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Noisy splicing, more than expression regulation, explains why some exons are subject to nonsense-mediated mRNA decay


Reference:

Zhang, Z. G., Xin, D. D., Wang, P., Zhou, L., Hu, L. D., Kong, X. Y. and Hurst, L. D., 2009. Noisy splicing, more than expression regulation, explains why some exons are subject to nonsense-mediated mRNA decay. BMC Biology, 7 (23).

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    Official URL:

    http://dx.doi.org/10.1186/1741-7007-7-23

    Abstract

    Background: Nonsense-mediated decay is a mechanism that degrades mRNAs with a premature termination codon. That some exons have premature termination codons at fixation is paradoxical: why make a transcript if it is only to be destroyed? One model supposes that splicing is inherently noisy and spurious transcripts are common. The evolution of a premature termination codon in a regularly made unwanted transcript can be a means to prevent costly translation. Alternatively, nonsense-mediated decay can be regulated under certain conditions so the presence of a premature termination codon can be a means to up-regulate transcripts needed when nonsense-mediated decay is suppressed. Results: To resolve this issue we examined the properties of putative nonsense-mediated decay targets in humans and mice. We started with a well-annotated set of protein coding genes and found that 2 to 4% of genes are probably subject to nonsense-mediated decay, and that the premature termination codon reflects neither rare mutations nor sequencing artefacts. Several lines of evidence suggested that the noisy splicing model has considerable relevance: 1) exons that are uniquely found in nonsense-mediated decay transcripts (nonsense-mediated decay-specific exons) tend to be newly created; 2) have low-inclusion level; 3) tend not to be a multiple of three long; 4) belong to genes with multiple splice isoforms more often than expected; and 5) these genes are not obviously enriched for any functional class nor conserved as nonsense-mediated decay candidates in other species. However, nonsense-mediated decay-specific exons for which distant orthologous exons can be found tend to have been under purifying selection, consistent with the regulation model. Conclusion: We conclude that for recently evolved exons the noisy splicing model is the better explanation of their properties, while for ancient exons the nonsense-mediated decay regulated gene expression is a viable explanation.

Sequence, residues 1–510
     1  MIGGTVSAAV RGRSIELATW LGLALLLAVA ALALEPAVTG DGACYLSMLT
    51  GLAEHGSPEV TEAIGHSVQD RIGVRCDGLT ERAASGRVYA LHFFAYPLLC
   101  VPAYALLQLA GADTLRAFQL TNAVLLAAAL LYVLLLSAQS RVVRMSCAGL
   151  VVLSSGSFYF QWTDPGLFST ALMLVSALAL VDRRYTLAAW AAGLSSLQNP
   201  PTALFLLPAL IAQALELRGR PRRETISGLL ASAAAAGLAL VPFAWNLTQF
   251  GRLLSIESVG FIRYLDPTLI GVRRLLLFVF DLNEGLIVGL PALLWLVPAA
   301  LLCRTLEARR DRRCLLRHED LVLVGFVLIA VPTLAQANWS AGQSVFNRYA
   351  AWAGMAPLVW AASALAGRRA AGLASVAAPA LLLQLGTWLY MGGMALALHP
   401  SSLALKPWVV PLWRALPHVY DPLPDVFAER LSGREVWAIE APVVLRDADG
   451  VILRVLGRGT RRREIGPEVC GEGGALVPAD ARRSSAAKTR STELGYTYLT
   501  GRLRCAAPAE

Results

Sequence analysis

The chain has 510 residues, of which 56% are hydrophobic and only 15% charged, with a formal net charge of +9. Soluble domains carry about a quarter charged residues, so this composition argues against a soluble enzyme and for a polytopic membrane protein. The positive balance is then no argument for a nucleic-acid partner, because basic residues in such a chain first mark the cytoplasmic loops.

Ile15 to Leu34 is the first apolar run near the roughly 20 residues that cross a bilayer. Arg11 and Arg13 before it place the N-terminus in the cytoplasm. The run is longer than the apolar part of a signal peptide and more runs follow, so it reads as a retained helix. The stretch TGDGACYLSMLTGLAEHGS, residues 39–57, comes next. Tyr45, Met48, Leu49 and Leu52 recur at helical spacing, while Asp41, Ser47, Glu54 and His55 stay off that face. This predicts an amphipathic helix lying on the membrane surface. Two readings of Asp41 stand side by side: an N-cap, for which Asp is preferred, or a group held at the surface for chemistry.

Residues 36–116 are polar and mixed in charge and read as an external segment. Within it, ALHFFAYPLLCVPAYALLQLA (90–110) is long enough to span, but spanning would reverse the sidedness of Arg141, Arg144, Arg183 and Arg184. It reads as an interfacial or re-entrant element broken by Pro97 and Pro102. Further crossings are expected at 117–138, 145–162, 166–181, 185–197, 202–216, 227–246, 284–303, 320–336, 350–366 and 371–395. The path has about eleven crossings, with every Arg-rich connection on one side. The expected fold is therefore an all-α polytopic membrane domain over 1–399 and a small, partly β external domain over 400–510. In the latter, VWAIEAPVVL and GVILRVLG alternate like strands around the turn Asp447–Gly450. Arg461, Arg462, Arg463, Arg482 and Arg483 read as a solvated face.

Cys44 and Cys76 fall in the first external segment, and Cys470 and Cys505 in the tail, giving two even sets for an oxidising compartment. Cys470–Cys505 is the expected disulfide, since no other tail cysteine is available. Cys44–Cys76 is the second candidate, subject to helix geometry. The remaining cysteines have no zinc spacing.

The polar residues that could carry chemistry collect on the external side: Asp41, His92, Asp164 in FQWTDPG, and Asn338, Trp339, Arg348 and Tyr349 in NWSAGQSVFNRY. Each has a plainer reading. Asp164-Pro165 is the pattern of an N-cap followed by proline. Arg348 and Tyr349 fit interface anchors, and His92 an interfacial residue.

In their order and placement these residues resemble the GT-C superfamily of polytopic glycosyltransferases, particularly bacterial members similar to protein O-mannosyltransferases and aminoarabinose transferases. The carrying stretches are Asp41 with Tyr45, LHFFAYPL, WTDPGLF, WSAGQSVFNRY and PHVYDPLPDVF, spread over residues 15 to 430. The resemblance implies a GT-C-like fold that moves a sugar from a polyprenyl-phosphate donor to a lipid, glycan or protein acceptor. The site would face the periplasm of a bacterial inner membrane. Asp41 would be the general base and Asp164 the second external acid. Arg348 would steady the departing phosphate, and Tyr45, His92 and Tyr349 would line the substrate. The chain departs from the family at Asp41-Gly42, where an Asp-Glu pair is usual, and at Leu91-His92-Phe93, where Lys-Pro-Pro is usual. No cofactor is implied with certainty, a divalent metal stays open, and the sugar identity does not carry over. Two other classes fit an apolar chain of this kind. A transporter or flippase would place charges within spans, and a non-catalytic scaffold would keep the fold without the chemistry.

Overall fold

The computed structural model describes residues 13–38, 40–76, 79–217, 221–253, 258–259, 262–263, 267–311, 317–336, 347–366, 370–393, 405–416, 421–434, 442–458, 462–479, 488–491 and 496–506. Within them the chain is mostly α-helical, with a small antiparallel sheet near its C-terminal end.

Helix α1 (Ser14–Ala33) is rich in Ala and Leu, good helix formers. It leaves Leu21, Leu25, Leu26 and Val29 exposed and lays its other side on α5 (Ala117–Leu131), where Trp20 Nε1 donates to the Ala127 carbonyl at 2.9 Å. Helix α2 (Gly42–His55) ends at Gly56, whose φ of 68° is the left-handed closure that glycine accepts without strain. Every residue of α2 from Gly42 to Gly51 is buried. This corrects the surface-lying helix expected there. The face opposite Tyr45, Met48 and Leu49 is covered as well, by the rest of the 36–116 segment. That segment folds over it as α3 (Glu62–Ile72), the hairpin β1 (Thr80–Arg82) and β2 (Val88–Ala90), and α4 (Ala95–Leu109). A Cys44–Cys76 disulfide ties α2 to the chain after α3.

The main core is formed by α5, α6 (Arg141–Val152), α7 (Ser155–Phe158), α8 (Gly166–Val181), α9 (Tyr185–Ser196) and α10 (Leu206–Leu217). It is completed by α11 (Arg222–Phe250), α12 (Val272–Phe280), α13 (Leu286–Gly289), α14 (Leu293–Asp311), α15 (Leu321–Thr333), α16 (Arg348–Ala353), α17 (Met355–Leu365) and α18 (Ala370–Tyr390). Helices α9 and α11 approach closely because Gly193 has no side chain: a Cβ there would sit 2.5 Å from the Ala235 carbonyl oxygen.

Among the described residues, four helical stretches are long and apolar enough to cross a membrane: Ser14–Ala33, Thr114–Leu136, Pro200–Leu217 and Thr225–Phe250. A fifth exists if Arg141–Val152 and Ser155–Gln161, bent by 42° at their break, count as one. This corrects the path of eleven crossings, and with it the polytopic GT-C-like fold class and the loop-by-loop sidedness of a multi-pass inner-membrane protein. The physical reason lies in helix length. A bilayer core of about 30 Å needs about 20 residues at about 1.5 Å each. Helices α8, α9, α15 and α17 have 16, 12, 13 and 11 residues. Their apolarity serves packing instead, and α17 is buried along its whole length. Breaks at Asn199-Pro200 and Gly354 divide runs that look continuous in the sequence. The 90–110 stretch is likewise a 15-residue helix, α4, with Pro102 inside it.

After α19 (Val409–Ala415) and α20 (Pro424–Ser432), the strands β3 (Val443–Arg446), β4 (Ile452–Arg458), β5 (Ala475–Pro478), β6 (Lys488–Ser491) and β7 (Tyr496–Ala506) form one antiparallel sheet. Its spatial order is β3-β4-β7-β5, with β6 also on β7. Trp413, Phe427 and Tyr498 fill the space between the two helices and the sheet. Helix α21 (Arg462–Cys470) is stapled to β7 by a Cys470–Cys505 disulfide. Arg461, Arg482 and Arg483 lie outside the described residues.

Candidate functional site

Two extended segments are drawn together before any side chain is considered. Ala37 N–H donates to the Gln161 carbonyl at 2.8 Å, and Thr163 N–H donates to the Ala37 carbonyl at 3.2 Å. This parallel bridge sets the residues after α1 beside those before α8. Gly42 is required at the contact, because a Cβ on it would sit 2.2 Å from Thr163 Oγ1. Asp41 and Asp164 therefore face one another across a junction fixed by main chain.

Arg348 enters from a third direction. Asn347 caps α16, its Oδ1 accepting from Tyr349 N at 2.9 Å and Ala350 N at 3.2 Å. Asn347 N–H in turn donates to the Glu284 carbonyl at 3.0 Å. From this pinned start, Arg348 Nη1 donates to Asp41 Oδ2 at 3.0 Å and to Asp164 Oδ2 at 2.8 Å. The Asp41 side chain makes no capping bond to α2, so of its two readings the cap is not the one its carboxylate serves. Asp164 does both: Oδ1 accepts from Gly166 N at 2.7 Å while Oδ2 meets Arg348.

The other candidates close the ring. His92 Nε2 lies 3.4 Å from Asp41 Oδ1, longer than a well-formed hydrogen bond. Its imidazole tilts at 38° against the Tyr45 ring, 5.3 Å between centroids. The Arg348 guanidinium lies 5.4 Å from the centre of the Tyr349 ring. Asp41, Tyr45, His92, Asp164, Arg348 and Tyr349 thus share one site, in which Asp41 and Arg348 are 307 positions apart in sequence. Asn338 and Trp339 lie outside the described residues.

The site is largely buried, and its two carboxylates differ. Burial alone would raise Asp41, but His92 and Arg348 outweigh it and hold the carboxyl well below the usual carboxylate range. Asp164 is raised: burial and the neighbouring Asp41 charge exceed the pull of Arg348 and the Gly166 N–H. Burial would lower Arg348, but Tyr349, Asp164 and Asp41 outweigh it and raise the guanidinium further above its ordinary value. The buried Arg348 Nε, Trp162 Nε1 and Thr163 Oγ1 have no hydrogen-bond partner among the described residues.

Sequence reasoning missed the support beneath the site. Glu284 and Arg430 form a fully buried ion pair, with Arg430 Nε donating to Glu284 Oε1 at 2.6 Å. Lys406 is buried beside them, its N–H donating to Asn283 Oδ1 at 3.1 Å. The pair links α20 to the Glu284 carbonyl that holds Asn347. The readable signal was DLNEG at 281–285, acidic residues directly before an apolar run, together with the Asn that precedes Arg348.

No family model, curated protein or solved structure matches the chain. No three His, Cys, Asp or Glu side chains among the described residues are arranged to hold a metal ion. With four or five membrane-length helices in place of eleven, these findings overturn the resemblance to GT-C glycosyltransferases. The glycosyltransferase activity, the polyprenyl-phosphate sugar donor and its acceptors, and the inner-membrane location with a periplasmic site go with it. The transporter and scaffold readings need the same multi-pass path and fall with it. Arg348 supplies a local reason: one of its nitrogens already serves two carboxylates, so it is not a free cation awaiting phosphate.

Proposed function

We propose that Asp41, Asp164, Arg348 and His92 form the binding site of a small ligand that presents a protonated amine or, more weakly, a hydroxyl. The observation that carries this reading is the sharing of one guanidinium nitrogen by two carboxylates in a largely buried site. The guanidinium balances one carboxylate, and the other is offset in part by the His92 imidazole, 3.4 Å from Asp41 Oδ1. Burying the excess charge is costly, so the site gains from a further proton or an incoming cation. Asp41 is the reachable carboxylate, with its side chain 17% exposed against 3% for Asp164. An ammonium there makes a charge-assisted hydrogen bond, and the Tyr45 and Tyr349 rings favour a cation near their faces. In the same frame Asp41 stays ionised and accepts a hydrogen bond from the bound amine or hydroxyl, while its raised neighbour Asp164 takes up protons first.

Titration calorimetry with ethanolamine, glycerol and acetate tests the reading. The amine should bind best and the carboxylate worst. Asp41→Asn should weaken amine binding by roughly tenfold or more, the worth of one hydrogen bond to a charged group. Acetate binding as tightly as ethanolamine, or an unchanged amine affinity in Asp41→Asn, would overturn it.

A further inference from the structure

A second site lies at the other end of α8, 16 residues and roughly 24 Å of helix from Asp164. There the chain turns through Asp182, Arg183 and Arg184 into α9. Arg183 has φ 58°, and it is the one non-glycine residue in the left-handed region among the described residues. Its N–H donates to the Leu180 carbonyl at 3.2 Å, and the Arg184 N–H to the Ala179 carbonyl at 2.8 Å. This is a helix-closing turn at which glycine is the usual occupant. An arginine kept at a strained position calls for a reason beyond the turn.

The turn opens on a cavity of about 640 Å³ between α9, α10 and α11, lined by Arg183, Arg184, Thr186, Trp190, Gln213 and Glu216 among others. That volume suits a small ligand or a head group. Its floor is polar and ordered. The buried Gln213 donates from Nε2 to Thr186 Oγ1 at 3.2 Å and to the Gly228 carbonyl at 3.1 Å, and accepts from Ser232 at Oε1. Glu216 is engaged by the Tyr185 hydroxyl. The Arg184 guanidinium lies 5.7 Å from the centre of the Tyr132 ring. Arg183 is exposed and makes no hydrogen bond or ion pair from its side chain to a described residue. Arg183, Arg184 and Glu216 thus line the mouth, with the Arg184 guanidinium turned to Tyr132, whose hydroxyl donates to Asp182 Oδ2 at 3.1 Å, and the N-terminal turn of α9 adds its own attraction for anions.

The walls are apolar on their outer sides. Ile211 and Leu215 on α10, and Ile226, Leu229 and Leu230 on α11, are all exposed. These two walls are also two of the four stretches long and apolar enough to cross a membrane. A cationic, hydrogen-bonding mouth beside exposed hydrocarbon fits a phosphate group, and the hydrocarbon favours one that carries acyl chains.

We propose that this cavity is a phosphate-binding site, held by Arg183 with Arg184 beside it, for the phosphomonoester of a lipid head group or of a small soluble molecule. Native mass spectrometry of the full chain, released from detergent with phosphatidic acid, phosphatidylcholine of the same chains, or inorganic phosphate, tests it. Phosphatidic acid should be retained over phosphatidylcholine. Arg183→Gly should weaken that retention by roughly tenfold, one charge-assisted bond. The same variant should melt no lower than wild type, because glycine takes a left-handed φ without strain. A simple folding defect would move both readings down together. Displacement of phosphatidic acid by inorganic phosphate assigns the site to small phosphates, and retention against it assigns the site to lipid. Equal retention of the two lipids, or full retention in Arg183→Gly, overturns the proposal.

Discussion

Details

    Item Type Articles
    CreatorsZhang, Z. G., Xin, D. D., Wang, P., Zhou, L., Hu, L. D., Kong, X. Y. and Hurst, L. D.
    DOI10.1186/1741-7007-7-23
    DepartmentsFaculty of Science > Biology & Biochemistry
    Publisher Statement1741-7007-7-23.pdf: © 2009 Zhang et al.; licensee BioMed Central Ltd. This is an open access article distributed under the terms of the Creative Commons Attribution License (http://creativecommons.org/licenses/by/2.0), which permits unrestricted use, distribution, and reproduction in any medium, provided the original work is properly cited.
    RefereedYes
    StatusPublished
    ID Code14962

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